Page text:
On a personal level, working with FOH is an answered prayer. I always prayed to God to put me in a workplace where I can draw closer to Him, a place where His name will be glorified and given priority in all that’s being done, and I got exactly that working with FOH. The bible says in the book of Mathew 6:33, “Seek the kingdom of God above all else, and live righteously, and He will give you everything you need” (NLT). At FOH, in whatever that is done, prayer is always the first step and the monthly bible studies are a great highlight for me. The family has paved way for me to draw closer to God and get a deeper meaning of His word. Prayer as one of the core values of FOH assured me that the organization was built on a solid rock and through the work done, God’s love is manifested to all mankind. To anyone seeking a family with whom together you can serve God and see His glory manifest through the works of your hand then FOH is that family.

Working with FOH has equipped me with hands on agricultural professional skills and expertise and I strongly believe that I now have all it takes to practice agriculture extension and education as a professional. It has also taught me that it’s possible to realize your dreams from any part of the world if you have passion for what you are doing. I come from the central part of Uganda but here working in Lango-subregion (Northern Uganda) fulfilling my dream of serving the community through agriculture extension and education. Despite the cultural differences, three things join us that is the love for God, mankind and Agriculture which is all that matters.

Finally, I cannot talk about FOH without talking about the wonderful Ugandan team that I have been working with for over eight weeks now. They are a team of very passionate individuals about agriculture and the community they serve, very hardworking but above all they are people who love God. They have made my internship a lot way easier by guiding me through my day-to-day tasks to see that I develop professionally and get equipped with skills essential to be an all-round agricultural professional. They are very jolly people that there is never a moment of dullness be it in office or in the field which makes work more enjoyable. I could have never prayed for any other team to work with during this stage of my career development than this great family.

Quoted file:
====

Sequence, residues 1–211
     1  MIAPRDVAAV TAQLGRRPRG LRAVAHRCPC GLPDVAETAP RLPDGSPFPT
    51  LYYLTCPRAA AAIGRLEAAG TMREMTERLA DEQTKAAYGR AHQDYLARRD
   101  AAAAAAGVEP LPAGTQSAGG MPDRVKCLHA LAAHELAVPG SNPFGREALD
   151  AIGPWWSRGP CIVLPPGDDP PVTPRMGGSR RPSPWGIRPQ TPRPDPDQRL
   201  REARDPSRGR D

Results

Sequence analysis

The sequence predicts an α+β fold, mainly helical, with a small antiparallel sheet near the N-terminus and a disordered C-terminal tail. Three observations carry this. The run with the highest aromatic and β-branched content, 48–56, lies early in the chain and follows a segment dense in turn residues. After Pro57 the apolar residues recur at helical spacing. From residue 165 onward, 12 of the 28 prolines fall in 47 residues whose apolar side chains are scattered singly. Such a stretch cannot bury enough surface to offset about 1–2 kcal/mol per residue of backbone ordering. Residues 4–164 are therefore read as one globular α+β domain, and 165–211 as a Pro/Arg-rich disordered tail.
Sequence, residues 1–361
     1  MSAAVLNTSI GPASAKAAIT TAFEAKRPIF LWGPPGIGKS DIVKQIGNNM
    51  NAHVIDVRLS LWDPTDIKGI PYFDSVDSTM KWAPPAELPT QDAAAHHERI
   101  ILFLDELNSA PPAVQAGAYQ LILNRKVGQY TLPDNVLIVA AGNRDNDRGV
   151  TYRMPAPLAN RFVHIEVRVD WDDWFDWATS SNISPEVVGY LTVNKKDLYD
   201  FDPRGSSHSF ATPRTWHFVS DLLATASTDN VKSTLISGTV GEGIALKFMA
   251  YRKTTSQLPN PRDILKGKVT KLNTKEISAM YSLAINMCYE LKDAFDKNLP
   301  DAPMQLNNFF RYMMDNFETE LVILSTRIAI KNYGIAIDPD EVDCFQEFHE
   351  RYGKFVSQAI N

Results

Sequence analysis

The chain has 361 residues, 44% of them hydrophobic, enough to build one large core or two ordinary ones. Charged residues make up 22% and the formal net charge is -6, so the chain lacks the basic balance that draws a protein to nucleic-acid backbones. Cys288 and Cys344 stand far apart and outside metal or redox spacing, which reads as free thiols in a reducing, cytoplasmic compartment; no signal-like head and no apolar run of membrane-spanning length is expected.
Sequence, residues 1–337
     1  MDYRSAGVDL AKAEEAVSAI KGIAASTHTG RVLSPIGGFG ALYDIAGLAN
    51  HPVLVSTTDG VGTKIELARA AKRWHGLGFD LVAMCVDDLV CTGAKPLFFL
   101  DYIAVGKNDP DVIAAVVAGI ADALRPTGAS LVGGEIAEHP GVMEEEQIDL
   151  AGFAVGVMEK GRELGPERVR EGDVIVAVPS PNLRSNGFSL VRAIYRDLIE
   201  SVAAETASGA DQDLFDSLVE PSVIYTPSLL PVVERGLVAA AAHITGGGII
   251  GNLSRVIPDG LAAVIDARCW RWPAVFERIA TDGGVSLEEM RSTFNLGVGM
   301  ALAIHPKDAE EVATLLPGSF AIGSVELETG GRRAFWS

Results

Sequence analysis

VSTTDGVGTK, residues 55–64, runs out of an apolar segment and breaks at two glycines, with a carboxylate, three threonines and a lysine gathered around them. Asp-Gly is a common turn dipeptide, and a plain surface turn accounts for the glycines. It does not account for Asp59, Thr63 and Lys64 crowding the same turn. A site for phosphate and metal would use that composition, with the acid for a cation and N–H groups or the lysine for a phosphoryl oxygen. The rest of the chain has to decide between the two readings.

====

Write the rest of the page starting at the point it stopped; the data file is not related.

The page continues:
I extend my sincere gratitude to the entire FOH Ugandan team, Okullu Walter, Agnes Obote, Nicholas Ssebalamu and Apea Joseph for the guidance rendered to me during this stage of my career. I also extend my sincere gratitude to the whole FOH fraternity for giving me the opportunity to serve as an intern in the mighty organization and learn from everyone. May the living God bless you all abundantly.

Adventures in Agriculture: The Future

I have been in Uganda for about two months now and have had the privilege of visiting over 1000 students and over 40 schools. During all of these schools visits I have seen joyful students excited to learn about agriculture. I have heard many stories of students who have taken what they have learned back home. To help their own family or to implement their own agriculture program. I wrote a poem to better express what I have seen during these visits:

The Future

Student after student

Face after face

A joy so bright

That it filled the whole place


Lessons learned every day

Teachers show their students grace

Its easy to see

How great a place

It is to learn

And find their way


A way to change the future

Even their life today

By taking what they learn

And not letting it stay

Just inside their heads

But letting it change

the world around them

knowing that agriculture

will never be the same


Student after student

Face after face

The future of agriculture

Here in this place

By: Lindsey Thompson, Fellow 2022

Adventures in Agriculture: Red Dirt Roads